Pre-acclimation to exercise in normobaric hypoxia

Pedlar, Charles and Whyte, G. and Godfrey, R. (2008) Pre-acclimation to exercise in normobaric hypoxia. European Journal of Sport Science, 8 (1). pp. 15-21. ISSN 1746-1391

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Official URL: http://dx.doi.org/10.1080/17461390701871932

Abstract

Training in normobaric hypoxia prior to ascent to high altitude has been shown to induce acclimation to altitude in mountaineers. It is therefore likely that a similar training paradigm will be useful for athletes travelling to moderate altitude for training or competition. To test this contention, the acute effects of normobaric hypoxia upon selected physiological and performance parameters during treadmill exercise were examined. The parameters chosen were heart rate, blood lactate concentration, ventilation, oxyhaemoglobin saturation, and 5-km treadmill time-trial performance. The participants were 12 endurance-trained athletes (mean age 29.4 years, s=5.3; stature 1.80 m, s=0.8; body mass 78.3 kg, s=9.6). Tests were conducted once in sham conditions (FIO2=0.209, PIO2=159 mmHg, sea level; ST trial) and once in normobaric hypoxic conditions (FIO2=0.149, PIO2=85 mmHg, 2500 m; HT1 trial) using a normobaric hypoxic chamber system. Subsequently, the participants were assigned to two groups to train (75 min·day−1, 8 days, at a running speed corresponding to ≤2 mmol·l−1) in normobaric hypoxia (FIO2=0.149; n=6, hypoxia group) or sham conditions (FIO2=0.209; n=6, sham group). Acutely (ST vs. HT1), 5-km time-trial performance time was significantly extended in HT1 (13.6%, range 6.3–22.5%; P<0.01). Following training (HT2), performance improved by 0.8% and 2.3% for the sham and hypoxia training group respectively, but the improvement was not significant for either group (P>0.05). The individual data showed wide heterogeneity. In conclusion, aerobic training in normobaric hypoxia for 75 min·day−1 for 8 days does not enhance performance in hypoxia. However, due to the heterogeneity of response, it is evident that it may be effective at improving performance in hypoxia in some individuals.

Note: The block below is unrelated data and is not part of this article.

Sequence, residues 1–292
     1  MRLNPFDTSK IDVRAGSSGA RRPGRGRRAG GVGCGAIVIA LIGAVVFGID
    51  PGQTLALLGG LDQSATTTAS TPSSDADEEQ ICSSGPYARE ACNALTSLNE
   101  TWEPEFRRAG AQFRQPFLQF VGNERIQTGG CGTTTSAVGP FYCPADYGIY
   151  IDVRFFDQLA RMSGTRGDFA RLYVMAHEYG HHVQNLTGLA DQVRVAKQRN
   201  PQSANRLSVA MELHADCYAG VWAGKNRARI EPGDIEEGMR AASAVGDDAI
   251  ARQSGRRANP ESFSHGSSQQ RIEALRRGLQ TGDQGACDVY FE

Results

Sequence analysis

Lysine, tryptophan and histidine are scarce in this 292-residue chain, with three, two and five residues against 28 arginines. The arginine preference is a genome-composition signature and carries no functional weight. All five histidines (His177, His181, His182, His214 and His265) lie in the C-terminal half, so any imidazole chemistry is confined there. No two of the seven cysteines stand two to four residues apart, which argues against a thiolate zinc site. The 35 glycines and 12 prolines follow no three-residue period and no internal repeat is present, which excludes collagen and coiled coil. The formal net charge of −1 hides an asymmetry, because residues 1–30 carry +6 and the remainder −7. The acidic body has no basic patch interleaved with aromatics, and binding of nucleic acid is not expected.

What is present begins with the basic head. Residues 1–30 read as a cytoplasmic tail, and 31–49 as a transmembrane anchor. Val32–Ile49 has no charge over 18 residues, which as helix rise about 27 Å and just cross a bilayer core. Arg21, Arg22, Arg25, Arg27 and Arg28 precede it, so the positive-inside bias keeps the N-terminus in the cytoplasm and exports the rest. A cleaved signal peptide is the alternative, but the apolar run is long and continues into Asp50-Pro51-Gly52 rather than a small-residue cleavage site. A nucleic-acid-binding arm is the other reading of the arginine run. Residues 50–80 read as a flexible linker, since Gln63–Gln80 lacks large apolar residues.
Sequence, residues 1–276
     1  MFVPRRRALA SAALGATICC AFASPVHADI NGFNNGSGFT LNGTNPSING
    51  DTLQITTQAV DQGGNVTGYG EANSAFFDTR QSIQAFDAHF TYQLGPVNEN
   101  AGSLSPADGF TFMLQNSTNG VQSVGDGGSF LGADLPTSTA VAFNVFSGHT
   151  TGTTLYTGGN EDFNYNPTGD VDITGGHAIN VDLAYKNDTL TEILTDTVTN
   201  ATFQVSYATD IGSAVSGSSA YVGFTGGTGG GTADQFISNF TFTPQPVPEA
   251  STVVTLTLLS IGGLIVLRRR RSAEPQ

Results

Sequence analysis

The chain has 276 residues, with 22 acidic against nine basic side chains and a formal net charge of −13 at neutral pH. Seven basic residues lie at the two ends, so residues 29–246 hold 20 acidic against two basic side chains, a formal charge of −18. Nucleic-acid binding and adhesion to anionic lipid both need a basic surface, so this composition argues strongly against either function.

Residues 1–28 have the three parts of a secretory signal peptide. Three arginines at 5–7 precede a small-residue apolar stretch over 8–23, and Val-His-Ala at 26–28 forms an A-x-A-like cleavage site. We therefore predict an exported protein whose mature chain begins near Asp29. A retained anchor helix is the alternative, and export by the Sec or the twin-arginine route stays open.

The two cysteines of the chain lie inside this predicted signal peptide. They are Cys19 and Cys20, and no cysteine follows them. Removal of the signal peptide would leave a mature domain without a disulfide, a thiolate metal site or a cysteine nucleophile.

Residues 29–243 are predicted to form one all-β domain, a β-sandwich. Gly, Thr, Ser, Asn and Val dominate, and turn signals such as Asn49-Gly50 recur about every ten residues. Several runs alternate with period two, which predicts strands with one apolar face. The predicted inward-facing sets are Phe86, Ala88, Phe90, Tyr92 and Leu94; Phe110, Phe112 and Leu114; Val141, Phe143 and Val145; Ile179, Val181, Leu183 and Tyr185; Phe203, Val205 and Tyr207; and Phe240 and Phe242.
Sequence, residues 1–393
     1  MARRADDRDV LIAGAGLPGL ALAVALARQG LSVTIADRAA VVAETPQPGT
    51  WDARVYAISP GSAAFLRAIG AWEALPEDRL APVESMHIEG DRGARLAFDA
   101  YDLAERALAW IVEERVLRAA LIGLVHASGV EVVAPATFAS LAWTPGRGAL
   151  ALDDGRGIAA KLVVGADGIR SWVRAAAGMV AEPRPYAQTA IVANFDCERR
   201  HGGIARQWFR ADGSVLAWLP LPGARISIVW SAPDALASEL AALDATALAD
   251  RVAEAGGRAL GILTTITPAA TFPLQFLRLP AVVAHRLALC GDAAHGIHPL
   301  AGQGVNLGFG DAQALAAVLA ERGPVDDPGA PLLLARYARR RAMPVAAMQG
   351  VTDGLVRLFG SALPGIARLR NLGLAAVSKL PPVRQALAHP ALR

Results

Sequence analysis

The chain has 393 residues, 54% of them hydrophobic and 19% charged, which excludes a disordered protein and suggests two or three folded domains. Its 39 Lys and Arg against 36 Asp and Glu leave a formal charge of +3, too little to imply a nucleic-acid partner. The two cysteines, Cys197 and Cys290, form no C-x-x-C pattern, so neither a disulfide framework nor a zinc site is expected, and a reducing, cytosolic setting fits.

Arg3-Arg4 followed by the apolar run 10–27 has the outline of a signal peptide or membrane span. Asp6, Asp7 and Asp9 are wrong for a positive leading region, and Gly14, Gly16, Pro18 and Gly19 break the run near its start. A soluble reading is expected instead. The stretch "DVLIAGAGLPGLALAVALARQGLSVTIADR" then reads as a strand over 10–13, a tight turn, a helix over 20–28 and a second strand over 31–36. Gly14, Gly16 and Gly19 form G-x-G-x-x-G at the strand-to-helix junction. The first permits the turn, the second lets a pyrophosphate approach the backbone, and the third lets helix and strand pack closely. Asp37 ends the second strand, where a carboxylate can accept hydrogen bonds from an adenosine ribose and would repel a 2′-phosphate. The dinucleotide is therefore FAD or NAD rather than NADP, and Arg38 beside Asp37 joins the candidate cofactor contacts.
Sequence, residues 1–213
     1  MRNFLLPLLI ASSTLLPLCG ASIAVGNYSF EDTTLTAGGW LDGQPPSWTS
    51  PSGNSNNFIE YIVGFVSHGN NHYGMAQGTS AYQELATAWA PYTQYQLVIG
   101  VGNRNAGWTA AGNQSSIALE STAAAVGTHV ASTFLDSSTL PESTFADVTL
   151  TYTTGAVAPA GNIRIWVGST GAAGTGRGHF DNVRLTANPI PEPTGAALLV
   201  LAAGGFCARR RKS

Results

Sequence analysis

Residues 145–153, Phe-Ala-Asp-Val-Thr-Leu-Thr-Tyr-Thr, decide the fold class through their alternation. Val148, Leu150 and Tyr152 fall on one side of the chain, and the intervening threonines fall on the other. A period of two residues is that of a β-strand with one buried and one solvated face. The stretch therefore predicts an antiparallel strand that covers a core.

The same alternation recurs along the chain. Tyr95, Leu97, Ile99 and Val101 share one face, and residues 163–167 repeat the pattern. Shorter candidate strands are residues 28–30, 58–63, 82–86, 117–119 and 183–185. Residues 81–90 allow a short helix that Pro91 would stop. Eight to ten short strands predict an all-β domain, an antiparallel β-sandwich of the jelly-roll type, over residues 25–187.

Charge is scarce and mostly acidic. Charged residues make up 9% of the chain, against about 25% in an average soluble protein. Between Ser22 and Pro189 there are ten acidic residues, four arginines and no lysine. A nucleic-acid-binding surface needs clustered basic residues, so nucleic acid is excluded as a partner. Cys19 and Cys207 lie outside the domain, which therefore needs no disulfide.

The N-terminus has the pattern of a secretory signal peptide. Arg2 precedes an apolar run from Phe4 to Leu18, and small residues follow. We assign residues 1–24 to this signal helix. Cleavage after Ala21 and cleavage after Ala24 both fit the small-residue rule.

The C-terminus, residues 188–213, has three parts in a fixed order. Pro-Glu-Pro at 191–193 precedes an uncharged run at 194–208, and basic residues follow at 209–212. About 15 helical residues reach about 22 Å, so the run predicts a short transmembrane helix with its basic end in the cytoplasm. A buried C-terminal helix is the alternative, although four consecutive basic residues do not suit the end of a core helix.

Item Type: Journal Article
Uncontrolled Keywords: REF2014
Subjects: 600 Technology > 612 Human physiology
School/Department: School of Sport, Health and Applied Science
Depositing User: Jonathan Lucas
Date Deposited: 15 May 2012 09:40
Last Modified: 15 May 2012 09:40
URI: http://research.stmarys.ac.uk/id/eprint/105

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